For anyone reading from the US, bear in mind that this is not quite as bad as hearing the same thing at home would be. The Japanese public education system has plenty of flaws, but it is working better overall than its American counterpart. Still, you have to wonder whether the Monbusho has been studying the NEA playbook.

    Sadly, not all the other ministries have an obvious it’s-for-the-children angle to work, so they’re forced to get craftier. They’ll agree to the cut subsidies, all right, but somehow the money thus “freed” will end up being even more firmly under their control. This, too, could have been modeled on some NEA or AFT proposal, whereby competency standards for schools somehow ultimately mean that we’re paying the non-performers more in funding:

    Although the construction ministry came up with a plan to reduce subsidies for repairing and improving rivers by 7.4 billion yen, and the agriculture ministry proposed slashing donations to agricultural committees by 2.8 billion yen, the savings will fall outside tax revenue to be transferred to local governments under the reform plan.

    Instead, the two ministries want the bulk of the proposed savings to be transformed into grants that can be spent at their discretion for any purpose deemed suitable.

    Don’t you just love it?

    The search continues

    Posted by Sean at 12:41, October 30th, 2004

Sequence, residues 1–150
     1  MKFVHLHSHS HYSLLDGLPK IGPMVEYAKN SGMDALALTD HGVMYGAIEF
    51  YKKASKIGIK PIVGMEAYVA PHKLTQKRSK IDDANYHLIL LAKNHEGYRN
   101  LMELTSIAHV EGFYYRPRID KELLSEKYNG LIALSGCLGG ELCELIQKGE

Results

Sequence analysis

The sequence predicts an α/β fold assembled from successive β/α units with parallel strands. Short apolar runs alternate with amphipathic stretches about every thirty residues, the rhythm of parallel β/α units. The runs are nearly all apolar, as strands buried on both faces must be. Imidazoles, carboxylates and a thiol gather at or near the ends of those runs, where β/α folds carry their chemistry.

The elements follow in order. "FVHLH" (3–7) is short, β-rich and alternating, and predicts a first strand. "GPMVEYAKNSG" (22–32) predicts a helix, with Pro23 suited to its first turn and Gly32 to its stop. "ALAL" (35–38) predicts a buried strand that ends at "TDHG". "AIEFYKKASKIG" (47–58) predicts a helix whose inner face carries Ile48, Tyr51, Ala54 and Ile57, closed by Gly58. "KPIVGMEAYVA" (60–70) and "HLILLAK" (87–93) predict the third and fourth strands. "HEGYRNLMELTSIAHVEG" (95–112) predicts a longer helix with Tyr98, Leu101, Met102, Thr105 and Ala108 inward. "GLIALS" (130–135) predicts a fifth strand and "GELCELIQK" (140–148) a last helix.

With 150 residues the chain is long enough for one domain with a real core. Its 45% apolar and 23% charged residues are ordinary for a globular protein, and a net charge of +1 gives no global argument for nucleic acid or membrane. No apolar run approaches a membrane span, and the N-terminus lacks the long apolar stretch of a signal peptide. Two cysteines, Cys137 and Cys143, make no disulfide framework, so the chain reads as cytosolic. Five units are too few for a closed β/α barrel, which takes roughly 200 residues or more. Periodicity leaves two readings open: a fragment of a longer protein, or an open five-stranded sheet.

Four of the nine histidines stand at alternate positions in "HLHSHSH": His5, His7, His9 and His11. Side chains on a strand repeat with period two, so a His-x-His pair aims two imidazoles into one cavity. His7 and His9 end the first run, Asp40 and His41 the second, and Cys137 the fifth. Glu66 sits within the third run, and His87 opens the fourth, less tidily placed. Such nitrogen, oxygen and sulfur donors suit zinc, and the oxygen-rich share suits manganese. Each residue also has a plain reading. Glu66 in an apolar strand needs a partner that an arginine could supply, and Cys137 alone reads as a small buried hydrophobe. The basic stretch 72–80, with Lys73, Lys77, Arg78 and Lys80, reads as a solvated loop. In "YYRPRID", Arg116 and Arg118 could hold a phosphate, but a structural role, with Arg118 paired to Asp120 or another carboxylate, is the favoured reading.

2000 unique visitors this month, even if you account reasonably for those automatic-referrer site wangdoodles. That’s very flattering. Thanks to everyone for stopping by.

    Including those who may have come through one of the stranger search strings that dredged me up. Not many loopy ones this month, but two or three worth noting. Such as “japanese sexy nurses,” which came up more than once. I’m assuming this was a search for Japanese sexy female nurses. The male nurse doesn’t seem to benefit much from association with the men-in-uniform thing for some reason–maybe that nursing isn’t seen as requiring the sort of gruff, assertive manfulness policework and firefighting does? Nurses have to heft patients and have good reflexes and interpret shouted input from a bunch of directions, so you’d assume most of them are pretty in-shape and responsive and have good powers of concentration. Those are pretty sexiness-enhancing attributes, though I suppose only the first is actually relevant if you’re looking for a fantasy object.

    Another inquiry addressed Mr. Google with flawless politeness: “where to find a chart that’s against bush on gay issues and please make it not too complicated. thank you.” Since attention to courtesy is not to be taken for granted among the anti-Bush, pro-gay contingent, I was sorry that neither my ideology nor the content of my posts provided an answer. I’m less certain about “eggplant poisoning.” Is there such a thing? You hear diet busybodies complain that people fry eggplant in too much oil, but I’m pretty sure that if you could poison someone with eggplant, I’d have come across it in my years of Agatha Christie and Columbo fandom. Dying on the Vine, the story would have been called.